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Question:
I've heard that melatonin may increase the risk of broken bones. I take melatonin regularly. Should I be concerned?

Answer:
Regular, long-term use of melatonin has been associated with an increase in fractures, which is also the case with some prescription sleep medications. This is despite the fact that melatonin may slightly increase bone density. For more details and an explanation of this apparent paradox, see the "Concerns and Cautions" section of the Melatonin Supplements Review.  

It may be also be advisable to avoid using melatonin, particularly at high dose, after a fracture, as proper fracture healing may be impaired, as also noted in the Review.


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COMMENTS

Susan16585   March 14, 2018
I have been taking 20 mg of melatonin at night for 10 years following a DX of metastatic breast cancer. Despite the extent of metastases and the grade of the tumors, all of which were prognosticators of a short life, my cancer receded and has not been visible on scans for 8 years. I don't know if melatonin made the difference, but I'm not changing anything.

Ralph11174   August 15, 2016
According to a recent study by Jie Liu, melatonin increases bone density and helps in bone remodelling as well (see web on m. and bone density). This would seem work against bone fractures?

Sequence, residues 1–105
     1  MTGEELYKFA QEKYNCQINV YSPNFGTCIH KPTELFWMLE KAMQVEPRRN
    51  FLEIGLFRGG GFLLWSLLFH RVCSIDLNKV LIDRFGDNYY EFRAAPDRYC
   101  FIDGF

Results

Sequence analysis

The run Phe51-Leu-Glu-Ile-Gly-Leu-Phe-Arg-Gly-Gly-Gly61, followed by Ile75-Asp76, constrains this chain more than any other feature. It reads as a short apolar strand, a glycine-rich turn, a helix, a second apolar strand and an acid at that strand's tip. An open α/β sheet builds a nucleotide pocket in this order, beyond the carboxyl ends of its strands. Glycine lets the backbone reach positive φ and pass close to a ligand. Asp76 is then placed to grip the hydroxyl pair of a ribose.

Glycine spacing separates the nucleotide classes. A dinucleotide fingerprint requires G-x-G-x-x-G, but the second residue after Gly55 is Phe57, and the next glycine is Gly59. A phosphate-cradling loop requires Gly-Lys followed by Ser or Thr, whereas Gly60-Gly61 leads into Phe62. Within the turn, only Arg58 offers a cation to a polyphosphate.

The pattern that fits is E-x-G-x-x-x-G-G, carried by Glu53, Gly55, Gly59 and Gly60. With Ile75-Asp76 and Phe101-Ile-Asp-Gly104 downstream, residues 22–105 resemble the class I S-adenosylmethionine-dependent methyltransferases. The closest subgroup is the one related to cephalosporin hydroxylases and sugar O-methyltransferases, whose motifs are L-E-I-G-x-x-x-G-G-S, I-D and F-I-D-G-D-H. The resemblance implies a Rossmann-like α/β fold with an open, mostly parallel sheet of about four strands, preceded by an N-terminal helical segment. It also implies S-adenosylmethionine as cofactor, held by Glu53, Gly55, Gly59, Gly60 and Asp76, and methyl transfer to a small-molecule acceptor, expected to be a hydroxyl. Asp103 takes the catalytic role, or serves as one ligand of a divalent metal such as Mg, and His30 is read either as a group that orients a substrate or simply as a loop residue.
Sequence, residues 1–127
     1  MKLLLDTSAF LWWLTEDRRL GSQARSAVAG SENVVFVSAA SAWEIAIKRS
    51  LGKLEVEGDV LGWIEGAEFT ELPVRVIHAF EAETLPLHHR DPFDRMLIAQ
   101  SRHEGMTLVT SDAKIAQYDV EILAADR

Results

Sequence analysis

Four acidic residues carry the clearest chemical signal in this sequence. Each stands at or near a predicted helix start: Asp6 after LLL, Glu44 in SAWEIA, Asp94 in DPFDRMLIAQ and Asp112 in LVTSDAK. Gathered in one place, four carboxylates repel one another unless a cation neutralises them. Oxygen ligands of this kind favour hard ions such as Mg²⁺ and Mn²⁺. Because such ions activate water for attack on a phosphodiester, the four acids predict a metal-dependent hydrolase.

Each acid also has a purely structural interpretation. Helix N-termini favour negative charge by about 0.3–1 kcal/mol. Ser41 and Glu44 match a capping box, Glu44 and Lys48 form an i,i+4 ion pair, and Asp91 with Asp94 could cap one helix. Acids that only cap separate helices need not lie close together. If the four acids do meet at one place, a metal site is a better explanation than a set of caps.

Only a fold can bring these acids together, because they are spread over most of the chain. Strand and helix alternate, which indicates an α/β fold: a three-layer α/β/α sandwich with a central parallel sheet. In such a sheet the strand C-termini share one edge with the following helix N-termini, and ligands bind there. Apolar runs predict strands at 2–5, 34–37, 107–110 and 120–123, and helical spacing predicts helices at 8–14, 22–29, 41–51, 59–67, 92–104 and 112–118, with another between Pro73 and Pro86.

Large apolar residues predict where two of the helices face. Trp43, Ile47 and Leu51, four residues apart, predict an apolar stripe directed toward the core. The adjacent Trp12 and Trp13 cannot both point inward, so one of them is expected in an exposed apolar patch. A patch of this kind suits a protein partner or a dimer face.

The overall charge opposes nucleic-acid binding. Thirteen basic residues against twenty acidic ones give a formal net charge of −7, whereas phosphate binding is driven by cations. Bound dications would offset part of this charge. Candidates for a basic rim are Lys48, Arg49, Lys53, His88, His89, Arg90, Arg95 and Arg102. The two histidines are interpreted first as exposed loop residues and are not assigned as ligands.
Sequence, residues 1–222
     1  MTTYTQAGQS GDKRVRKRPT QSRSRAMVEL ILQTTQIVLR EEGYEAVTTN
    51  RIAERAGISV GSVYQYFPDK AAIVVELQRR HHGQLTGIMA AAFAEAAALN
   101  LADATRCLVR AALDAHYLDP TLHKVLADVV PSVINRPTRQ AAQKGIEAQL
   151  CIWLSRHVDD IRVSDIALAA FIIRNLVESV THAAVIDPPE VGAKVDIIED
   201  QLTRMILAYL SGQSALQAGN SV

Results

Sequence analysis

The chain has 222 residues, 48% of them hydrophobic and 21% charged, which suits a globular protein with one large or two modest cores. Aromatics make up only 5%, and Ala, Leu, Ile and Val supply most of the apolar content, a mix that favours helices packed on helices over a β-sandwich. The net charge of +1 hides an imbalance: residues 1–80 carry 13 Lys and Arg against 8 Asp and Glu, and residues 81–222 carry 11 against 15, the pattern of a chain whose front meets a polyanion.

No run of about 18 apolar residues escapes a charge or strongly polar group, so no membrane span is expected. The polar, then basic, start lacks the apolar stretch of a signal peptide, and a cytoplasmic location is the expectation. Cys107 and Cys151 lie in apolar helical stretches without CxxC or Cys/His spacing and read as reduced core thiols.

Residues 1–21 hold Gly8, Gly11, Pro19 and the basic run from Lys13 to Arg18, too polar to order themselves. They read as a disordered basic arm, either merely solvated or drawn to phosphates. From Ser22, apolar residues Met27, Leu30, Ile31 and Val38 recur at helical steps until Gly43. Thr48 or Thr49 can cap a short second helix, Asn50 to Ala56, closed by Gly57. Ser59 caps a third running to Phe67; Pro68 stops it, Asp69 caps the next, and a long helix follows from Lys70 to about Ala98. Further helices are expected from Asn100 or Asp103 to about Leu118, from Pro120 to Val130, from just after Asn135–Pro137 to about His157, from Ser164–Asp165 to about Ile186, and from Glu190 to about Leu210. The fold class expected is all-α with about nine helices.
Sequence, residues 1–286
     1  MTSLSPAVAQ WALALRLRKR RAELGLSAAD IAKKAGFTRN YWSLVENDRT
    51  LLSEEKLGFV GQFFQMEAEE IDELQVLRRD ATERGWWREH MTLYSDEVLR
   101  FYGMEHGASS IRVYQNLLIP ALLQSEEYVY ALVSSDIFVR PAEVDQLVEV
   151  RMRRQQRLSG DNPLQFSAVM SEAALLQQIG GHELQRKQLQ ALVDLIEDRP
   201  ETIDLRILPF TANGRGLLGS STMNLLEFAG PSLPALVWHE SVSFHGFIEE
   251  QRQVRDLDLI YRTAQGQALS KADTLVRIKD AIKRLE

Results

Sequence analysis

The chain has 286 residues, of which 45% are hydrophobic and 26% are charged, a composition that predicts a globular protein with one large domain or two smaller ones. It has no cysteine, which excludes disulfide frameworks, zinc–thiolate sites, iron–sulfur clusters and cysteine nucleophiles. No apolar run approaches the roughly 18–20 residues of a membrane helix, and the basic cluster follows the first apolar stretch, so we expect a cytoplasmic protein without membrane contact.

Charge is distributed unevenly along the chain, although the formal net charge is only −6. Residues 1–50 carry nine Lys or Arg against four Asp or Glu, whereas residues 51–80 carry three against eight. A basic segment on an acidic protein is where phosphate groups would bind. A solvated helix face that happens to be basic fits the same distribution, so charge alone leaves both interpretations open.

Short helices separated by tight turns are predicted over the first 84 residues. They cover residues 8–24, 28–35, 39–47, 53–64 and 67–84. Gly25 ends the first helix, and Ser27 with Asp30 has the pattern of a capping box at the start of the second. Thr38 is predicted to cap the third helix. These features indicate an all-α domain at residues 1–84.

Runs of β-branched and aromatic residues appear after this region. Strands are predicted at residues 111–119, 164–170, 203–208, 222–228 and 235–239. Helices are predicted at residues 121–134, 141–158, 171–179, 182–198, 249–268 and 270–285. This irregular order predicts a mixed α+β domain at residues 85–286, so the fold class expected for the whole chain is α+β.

ConsumerLab.com   August 16, 2016
Hi Ralph - Thank you for your question. Please see our response below to Raffaella, who asked about the same study.

Raffaella 11161   August 14, 2016
In this article (http://www.ncbi.nlm.nih.gov/pmc/articles/PMC3676828/) the conclusion is that melatonin may be used to treat osteoporosis:

"Due to its ability of regulating bone metabolism, enhancing bone formation, promoting osseointegration of dental plant and cell and tissue protection, melatonin may used as a novel mode of therapy for augmenting bone mass in bone diseases characterized by low bone mass and increased fragility, bone defect/fracture repair and dental implant surgery"

According to the study you mentioned, however, a person with osteoporosis should avoid melatonin because of the increased fracture risk. I wonder if the higher incidence of fracture is caused by grogginess and/or impaired coordination rather than melatonin itself. Can you please share more light on the issue? Thanks!

ConsumerLab.com   August 15, 2016
Hi Raffaella - As we note in the Melatonin Review and in the answer above, melatonin can increase bone density but, apparently, by interfering with normal bone remodeling - so it's not yet clear that it's a good way to strengthen bones. Your suggestion that "grogginess" may play a role in the increased risk of fractures is quite possible.


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This CL Answer initially posted on 8/12/2016. Last updated 7/26/2017.
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